This was a rewarding project for the family. I learned a ton and enjoyed the process. There are some loose ends to finish since we’re running electricity and insulating it so that it’s usable throughout all but the hottest months of the summer. It was definitely a much larger project that we originally expected, but having a usable treehouse in the backyard is worth it all!


  • Wow, that is amazing!

  • Hey, we LOVE your treehouse. And what we'd really like is the plans for your tree house. :-) This is almost exactly what it is we are looking for to build at our place. Would you be willing to share?

  • Thanks Laura and Ths!
    Jessica, I'll email you off-list. I'll put some notes and drawings together for you.

  • Hey Scott - love the treehouse! Maybe you should add a rock climbing wall off the back when the kids get older. ;-)

  • Hey Robert. Great idea! We've been talking about a fireman's pole for quick exits, and a rope ladder as a fun way to climb up, but I hadn't thought about a rock climbing wall yet. That would be a great idea! I'll name it after you if we do it. :)

  • WOW that's awsome. I wish I can do that for my kids but I live in the NYC and we don't have many trees in our backyards.

  • Wow! Awesome!
    The things you guys do in developed countries never cease to amaze me.
    It's looks so professional! And you put it up by yourself? with just your family for help?
    --I'm at a loss for words.

    oh, by the way, I stumbled in on your page while looking for info on IIS. But I only needed to setup a basic FTP server for ghost; so...


  • Thanks Jiljith! It is a privilege to be able to do this. I understand that not everyone has the same opportunity, so I do value it. It was just our family. I didn't put up the close-up pictures of the imperfections though. :)

    Hope you got your FTP setup working.

  • i love the rope bridge!! do you have a materials list and plans for it?? thanks!!!

  • Hello and WOW!!! I am searching for fun and unique tree house plans and came upon yours! It's so awesome! I love everything about it! I specifically am searching for ones with zip lines to see how they are attached. We have a handyman helping us build ours, as we're not that skilled in carpentry. Would you be interested in sending us any additional info so we could base our model off of yours? It's so amazing!!! Thanks!

  • @Jason. Sorry for the delay. I do need to put together some diagrams since I've been asked for them a few times. I'll hopefully do that at some point. Basically the floor is 12x11.5. I kept it just under 12x12 so that it's not considering a building by the city. It's 12' from the floor to the top of the highest point, and IIRC it's 7' from the floor to the lowest point.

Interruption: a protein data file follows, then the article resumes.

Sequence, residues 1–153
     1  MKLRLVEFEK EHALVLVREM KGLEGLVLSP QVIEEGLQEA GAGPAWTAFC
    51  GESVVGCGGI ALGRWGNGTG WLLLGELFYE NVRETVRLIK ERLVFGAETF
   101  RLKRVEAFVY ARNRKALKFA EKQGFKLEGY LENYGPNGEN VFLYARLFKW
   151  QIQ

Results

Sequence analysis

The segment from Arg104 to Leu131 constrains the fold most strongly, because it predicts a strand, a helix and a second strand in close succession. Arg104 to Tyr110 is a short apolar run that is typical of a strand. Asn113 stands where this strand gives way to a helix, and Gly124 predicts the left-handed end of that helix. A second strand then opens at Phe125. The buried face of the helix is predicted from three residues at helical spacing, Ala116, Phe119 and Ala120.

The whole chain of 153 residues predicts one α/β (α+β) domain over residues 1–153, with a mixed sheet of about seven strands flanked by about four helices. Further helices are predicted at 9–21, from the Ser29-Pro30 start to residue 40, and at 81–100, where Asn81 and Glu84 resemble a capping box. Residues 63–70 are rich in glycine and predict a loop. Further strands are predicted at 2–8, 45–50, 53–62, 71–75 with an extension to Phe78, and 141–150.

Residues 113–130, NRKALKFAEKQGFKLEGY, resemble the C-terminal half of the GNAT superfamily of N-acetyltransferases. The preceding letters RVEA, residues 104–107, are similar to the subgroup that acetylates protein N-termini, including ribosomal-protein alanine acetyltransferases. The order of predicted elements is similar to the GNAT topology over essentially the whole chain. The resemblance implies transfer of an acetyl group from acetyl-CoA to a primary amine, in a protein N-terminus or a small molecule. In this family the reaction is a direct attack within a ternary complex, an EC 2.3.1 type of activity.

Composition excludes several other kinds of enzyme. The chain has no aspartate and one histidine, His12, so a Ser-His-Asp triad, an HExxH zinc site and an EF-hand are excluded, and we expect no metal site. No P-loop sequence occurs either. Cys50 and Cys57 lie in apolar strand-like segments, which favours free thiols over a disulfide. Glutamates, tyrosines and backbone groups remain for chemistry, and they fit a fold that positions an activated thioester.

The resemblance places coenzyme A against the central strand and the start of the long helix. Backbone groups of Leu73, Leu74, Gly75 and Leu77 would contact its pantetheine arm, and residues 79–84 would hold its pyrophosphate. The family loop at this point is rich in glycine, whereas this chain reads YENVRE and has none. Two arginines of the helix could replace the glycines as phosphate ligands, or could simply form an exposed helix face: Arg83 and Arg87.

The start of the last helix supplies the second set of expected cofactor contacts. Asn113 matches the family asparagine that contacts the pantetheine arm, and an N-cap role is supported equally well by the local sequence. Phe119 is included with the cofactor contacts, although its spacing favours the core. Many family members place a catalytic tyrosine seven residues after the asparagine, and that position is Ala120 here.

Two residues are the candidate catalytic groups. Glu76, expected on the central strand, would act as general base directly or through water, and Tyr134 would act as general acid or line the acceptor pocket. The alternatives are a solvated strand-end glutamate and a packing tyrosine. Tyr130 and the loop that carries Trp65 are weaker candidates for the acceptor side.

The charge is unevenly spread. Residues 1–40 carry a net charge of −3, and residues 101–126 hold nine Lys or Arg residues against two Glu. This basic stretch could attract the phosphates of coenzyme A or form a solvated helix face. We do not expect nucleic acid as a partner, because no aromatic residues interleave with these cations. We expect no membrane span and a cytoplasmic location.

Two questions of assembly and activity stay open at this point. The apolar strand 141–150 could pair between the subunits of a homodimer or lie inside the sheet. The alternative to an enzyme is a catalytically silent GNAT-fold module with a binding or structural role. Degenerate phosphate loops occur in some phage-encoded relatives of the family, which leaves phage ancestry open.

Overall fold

The top floor is 4' at the highest and something like 3' at the lowest, which works great for the kids. It's 4' wide on the top floor.

    We were pleased with the results, so for our situation it has turned out really well.

  • What a great project for your family:). Would you mind sharing the details of your rope bridge? We are looking to build something exactly like that, but I need to make sure it's safe. Is it simply supported by rope? How does it anchor?

  • Hi Aly,

    Yes, it sure was a great project, and it still gets used plenty today.

    My wife was the project leader for the bridge and did an awesome job. She recently answered someone else's question about this so I'll post her reply here:

    "I got the idea for the bridge from a book called "Tree Houses You Can Actually Build" (not recommended, except for very basic ideas). I've attached the page with the details although it's not very thorough (and this is all they give) ( We decided that the dacron rope was too prone to fraying and possible splinters if kids run their hands along as they grip the side and top rails of the bridge, so we used plastic coated galvanized steel for the top rail. We used nylon for the sides, for a different reason...because it was much easier to thread through the holes in the 2x4's and knot around the top rail. But we did use the dacron for the bottom due to its strength."

    And to add further to this, it is anchored in eight places (4 on each side, one for each bottom cable and one for each handle/top cable) with eye bolts. On one side they go directly into the tree, and on the other side they go into 4x4 posts setup for this purpose.